As much as I enjoyed Syndicate it’s not without its flaws. While the gun-play and the breaches work well together and are fun overall; the time between these points just feels like filler. It is almost as if the designers wanted to add platforming sections to break up the shooting. Some of these sections were very frustrating because you have no idea where to go. On multiple occasions I continually walked by a hidden door which accessed the next area. Frustration like this could have easily been avoided if key objects were highlighted in your Dart Overlay. Everything was also broken up with unnecessary progress reports that didn’t only come at the end of a mission but halfway through as well. I’m sure they did this as a way to try and hide loading but all it does is remind you that you are playing a game every thirty minutes or so.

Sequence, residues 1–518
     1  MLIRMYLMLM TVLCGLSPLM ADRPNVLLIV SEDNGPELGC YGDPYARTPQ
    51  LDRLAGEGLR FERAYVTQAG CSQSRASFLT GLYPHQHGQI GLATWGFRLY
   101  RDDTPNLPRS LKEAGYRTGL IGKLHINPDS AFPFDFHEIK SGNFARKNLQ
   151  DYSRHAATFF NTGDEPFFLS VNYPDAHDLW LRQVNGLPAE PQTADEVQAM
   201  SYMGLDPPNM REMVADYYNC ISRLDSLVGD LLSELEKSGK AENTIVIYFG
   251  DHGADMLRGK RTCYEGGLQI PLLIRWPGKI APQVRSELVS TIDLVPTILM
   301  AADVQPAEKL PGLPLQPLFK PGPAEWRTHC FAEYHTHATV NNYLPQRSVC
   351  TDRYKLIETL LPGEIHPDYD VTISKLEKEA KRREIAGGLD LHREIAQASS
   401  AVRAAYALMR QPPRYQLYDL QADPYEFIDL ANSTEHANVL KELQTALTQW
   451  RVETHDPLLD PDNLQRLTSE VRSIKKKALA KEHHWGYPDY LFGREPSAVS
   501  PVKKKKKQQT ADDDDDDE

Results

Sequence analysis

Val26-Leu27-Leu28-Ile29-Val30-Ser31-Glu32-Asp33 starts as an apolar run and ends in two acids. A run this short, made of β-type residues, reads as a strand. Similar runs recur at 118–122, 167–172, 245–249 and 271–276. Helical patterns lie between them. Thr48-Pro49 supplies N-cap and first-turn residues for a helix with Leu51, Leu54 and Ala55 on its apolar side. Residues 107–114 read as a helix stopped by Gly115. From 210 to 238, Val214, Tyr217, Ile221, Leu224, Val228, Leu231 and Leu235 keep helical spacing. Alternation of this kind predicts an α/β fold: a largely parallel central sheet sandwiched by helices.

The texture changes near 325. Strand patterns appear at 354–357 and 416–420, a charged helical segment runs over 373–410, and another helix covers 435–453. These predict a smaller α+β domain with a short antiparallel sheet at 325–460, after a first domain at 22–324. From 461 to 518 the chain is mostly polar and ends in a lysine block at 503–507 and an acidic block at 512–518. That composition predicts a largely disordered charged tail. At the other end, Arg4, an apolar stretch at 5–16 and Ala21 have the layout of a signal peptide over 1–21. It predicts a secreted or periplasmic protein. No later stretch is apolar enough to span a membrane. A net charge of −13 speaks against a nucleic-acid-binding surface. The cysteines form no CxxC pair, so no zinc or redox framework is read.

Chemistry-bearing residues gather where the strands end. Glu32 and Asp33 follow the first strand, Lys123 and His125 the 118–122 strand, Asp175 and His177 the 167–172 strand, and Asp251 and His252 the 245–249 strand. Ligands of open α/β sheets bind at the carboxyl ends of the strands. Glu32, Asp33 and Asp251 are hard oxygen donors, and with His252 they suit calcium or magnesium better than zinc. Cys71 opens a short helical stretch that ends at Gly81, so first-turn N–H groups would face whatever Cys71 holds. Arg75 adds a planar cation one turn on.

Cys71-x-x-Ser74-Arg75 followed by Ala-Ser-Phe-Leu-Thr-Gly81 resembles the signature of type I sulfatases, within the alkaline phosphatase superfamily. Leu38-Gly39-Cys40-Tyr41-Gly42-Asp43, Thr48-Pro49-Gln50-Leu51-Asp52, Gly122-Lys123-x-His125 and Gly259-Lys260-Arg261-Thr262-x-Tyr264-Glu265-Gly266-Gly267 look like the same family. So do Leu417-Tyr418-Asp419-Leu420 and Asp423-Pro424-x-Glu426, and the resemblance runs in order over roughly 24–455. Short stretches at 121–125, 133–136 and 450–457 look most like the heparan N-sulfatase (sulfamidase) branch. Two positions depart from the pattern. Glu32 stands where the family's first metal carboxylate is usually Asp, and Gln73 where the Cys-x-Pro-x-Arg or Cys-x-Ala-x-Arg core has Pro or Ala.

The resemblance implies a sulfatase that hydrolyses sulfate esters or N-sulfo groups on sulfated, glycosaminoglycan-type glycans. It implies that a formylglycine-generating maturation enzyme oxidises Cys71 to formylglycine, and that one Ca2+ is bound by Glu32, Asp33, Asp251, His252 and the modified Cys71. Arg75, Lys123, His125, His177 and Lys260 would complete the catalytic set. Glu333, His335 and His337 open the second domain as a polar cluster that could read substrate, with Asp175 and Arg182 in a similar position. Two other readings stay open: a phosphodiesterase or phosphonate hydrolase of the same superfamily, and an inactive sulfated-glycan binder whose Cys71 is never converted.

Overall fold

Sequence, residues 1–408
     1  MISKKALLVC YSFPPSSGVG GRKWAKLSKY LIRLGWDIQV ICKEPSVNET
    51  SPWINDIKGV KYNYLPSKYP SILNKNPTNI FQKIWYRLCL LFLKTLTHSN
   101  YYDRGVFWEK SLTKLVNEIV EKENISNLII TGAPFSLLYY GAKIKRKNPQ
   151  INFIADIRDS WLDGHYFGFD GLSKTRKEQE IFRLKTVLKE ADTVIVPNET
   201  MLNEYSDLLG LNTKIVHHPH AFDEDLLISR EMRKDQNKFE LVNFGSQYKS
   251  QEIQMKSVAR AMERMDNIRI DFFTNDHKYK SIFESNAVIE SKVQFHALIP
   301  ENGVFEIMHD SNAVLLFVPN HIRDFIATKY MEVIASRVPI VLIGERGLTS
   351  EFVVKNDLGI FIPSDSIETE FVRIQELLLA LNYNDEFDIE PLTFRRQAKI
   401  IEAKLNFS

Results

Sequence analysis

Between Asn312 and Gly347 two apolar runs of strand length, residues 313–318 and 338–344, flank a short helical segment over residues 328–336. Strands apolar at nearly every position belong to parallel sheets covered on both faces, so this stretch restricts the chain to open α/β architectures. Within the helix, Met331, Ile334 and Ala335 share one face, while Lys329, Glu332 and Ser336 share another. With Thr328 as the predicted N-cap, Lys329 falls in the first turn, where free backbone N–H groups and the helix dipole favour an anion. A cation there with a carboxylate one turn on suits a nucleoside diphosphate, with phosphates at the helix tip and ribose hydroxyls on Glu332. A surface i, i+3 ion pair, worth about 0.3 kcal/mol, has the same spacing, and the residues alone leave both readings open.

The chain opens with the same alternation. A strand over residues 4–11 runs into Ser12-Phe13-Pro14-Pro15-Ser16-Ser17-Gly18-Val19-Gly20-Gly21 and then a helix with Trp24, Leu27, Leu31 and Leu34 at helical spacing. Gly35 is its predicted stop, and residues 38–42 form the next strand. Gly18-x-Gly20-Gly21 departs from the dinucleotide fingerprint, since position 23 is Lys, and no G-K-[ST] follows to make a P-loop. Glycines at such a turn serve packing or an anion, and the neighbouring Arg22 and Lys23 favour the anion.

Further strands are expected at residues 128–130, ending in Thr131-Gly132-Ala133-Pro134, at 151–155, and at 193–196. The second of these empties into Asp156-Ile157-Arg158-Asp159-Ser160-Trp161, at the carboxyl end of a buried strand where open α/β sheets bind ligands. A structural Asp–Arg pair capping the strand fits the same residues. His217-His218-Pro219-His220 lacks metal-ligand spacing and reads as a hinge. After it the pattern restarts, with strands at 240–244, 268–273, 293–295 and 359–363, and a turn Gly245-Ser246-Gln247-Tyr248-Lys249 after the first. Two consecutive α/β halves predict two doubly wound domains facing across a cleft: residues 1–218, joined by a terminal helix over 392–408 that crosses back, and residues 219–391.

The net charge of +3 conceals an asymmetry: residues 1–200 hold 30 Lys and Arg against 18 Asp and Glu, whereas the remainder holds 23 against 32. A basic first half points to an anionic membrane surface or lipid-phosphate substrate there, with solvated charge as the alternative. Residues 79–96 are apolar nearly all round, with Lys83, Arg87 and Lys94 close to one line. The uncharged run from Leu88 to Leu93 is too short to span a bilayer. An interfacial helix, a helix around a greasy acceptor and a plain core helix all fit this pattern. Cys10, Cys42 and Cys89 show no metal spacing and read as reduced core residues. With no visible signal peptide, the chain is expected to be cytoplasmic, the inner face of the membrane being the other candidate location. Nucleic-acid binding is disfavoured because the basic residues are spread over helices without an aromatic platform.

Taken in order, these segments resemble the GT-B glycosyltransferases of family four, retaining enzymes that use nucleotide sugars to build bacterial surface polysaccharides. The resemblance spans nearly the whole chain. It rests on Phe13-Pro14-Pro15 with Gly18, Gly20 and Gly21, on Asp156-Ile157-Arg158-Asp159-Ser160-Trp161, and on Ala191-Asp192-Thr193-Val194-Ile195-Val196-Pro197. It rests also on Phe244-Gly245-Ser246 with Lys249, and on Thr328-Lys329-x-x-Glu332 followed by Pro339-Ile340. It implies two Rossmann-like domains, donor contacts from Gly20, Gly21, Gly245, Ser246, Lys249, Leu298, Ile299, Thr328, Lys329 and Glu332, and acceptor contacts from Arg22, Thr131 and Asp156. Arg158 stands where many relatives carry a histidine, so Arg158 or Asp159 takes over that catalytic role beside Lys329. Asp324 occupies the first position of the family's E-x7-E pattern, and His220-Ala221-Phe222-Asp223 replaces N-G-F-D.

My biggest problem with the campaign was how it ended. I’m not going to spoil anything but the game maintains a first person camera throughout, even during the cut-scenes. However, when you beat the final boss the camera splits to third person and it completely ruined the immersion. Throughout the entirety of the game “I” was Miles Kilo but not at the end. And I can’t figure out why the developers chose to do this. The only thing I can think of is just to give Miles a face, which he didn’t need, his face was my own until this jarring moment at the end.
Syndicate’s campaign clocks in around a respectable ten hours and while it wasn’t perfect I did enjoy my time in Starbreeze’s dystopian future. The gun-play was above average and the breaching abilities added depth and strategy to each encounter. All of the story plot points can be seen from a mile away, but none the less the game kept my attention and rewarded my time invested.